What are model organisms?
- Model organisms are non-human species that are used in the laboratory to help scientists understand biological processes.
- They are usually organisms that are easy to maintain and breed in a laboratory setting.
- For example, they may have particularly robust embryos that are easily studied and manipulated in the lab, this is useful for scientists studying development.
- Or they may occupy a pivotal position in the evolutionary tree, this is useful for scientists studying evolution.
Why are model organisms useful in genetics research?
- Many model organisms can breed in large numbers.
- Some have a very short generation time, which is the time between being born and being able to reproduce, so several generations can be followed at once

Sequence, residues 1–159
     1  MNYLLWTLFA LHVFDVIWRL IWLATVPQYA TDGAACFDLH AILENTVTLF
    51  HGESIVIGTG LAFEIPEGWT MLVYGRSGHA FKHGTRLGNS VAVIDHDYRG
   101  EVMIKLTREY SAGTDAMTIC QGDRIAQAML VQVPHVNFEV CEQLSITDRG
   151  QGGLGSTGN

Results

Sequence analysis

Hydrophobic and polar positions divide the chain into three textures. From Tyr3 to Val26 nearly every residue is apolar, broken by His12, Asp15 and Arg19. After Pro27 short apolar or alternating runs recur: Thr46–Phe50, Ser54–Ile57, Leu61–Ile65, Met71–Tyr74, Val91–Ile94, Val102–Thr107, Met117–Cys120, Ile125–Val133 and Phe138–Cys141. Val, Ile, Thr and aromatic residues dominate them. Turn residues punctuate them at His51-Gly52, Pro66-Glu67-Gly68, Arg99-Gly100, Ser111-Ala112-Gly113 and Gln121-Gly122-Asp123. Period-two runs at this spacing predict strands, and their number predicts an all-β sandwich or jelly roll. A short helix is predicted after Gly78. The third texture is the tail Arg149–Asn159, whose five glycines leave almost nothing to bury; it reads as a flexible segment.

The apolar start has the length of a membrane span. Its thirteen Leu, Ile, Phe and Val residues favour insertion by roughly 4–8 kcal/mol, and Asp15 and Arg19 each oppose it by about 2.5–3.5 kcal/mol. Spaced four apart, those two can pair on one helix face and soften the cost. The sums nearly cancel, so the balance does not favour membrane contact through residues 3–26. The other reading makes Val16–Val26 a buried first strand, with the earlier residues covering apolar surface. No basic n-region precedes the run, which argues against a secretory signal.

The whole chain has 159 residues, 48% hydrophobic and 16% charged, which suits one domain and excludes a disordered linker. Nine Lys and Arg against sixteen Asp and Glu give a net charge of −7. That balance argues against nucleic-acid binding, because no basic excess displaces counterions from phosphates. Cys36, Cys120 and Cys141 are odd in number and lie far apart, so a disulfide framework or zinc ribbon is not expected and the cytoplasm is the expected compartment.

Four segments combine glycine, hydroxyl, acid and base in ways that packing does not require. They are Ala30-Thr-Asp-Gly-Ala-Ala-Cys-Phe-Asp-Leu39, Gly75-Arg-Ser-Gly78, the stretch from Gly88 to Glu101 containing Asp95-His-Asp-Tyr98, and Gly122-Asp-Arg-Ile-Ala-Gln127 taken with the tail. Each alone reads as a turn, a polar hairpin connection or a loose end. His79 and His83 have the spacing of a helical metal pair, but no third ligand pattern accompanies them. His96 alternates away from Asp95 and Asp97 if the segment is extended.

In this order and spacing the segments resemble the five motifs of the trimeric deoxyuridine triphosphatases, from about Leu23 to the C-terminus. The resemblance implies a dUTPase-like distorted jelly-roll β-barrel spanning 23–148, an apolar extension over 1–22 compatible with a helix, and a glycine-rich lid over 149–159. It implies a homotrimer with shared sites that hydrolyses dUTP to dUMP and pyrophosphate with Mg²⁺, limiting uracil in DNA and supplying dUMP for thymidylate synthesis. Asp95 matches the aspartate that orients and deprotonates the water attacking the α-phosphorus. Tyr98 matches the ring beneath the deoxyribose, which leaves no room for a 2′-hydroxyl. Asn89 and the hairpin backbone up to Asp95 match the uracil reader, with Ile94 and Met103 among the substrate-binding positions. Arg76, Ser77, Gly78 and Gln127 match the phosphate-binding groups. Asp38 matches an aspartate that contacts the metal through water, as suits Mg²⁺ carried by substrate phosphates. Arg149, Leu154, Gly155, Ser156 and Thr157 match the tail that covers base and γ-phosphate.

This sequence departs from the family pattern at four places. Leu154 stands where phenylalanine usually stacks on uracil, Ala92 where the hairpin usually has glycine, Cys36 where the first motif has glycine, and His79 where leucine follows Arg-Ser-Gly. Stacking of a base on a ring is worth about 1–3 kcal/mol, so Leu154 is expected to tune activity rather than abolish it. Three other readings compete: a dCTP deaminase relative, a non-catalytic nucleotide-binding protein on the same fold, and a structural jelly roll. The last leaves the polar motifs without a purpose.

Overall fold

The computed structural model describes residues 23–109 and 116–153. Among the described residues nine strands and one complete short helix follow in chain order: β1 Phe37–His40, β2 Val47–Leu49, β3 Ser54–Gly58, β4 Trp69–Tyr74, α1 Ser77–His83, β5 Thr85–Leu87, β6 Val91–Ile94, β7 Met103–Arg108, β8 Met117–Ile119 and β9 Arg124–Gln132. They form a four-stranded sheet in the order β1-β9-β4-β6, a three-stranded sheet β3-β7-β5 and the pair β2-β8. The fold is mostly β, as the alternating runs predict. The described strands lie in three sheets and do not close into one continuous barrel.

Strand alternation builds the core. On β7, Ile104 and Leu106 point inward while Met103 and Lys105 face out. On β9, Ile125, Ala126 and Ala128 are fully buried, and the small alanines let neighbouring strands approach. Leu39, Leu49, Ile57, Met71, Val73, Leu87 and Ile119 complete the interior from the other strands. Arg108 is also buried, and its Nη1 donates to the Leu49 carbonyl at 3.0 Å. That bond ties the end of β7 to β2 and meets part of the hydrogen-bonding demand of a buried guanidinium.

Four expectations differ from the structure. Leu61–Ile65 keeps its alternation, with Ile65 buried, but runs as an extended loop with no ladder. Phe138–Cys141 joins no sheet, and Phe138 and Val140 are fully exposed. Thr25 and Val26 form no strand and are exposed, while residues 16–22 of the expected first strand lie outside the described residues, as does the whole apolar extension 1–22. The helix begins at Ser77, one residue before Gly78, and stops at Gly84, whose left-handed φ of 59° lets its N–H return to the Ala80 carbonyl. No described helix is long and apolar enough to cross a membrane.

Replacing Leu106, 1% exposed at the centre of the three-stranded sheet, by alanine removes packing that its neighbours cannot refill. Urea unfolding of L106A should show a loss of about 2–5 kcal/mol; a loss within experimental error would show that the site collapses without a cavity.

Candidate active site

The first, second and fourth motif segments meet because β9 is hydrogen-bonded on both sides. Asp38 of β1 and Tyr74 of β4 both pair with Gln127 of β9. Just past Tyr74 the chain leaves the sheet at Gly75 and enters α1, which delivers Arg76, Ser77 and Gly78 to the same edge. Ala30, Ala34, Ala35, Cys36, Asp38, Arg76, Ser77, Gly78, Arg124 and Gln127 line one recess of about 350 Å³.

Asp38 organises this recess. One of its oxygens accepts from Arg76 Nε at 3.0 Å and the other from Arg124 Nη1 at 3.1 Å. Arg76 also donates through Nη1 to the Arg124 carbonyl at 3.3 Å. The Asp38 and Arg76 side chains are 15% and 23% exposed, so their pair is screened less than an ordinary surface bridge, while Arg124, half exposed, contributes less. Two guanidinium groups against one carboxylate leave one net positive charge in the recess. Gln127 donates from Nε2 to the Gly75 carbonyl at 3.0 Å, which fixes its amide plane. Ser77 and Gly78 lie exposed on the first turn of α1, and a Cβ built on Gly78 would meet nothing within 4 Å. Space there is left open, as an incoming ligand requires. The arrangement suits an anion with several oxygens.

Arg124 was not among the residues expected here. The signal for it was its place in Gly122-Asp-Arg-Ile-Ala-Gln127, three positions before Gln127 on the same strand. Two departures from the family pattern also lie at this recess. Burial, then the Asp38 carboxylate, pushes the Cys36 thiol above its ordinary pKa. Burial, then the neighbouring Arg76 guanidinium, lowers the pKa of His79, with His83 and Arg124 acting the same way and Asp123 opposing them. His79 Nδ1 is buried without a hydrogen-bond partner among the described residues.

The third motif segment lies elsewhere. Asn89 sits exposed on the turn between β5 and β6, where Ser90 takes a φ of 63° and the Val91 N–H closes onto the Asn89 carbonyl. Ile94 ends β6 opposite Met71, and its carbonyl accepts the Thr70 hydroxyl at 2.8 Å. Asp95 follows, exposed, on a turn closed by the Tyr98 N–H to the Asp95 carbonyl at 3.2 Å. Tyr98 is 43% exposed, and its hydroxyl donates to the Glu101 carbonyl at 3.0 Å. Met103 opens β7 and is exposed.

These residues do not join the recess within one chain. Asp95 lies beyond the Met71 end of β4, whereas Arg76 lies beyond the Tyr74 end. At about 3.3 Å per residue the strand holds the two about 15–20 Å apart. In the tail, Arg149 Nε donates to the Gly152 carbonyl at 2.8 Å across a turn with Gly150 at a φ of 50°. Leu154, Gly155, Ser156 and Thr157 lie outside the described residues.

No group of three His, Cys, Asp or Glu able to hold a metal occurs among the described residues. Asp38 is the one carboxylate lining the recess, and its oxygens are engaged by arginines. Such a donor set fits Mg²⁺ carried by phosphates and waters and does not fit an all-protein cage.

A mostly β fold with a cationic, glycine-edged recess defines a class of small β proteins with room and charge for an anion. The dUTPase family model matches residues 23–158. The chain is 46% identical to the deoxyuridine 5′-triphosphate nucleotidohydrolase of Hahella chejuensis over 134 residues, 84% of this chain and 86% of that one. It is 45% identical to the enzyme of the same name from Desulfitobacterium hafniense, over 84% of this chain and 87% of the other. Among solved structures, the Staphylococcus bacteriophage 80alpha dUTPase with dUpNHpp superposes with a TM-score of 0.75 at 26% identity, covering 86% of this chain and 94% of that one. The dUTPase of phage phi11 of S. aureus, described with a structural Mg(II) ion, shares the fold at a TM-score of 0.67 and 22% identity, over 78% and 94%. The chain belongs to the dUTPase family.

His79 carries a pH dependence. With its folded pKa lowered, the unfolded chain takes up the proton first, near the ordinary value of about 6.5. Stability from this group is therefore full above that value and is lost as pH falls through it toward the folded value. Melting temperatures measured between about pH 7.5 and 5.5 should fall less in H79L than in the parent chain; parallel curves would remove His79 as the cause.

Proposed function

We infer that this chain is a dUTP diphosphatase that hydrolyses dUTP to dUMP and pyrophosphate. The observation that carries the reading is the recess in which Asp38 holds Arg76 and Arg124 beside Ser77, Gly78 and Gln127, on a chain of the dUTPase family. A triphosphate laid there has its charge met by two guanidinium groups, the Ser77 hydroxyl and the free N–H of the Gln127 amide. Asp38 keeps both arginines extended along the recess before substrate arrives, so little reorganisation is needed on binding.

- Mutants allow scientists to study certain characteristics or diseases. These are model organisms that have undergone a change or mutation in their DNA that may result in a change in a certain characteristic.
- Some model organisms have similar genes or similar-sized genomes to humans.
- Model organisms can be used to create highly detailed genetic maps:
- Genetic maps are a visual representation of the location of different genes on a chromosome, a bit like a real map but one where the key landmarks are areas of interest in the genome.
- For example, areas of DNA that differ between individuals in the same species (SNPs) or genes.
Examples of model organisms used to study genetics
- Yeast (Saccharomyces cerevisiae)
- Fruit fly (Drosophila melanogaster)
- Nematode worm (Caenorhabditis elegans)
- Western clawed frog (Xenopus tropicalis)
- Mouse (Mus musculus)
- Zebrafish (Danio rerio)
This page was last updated on 2021-07-21
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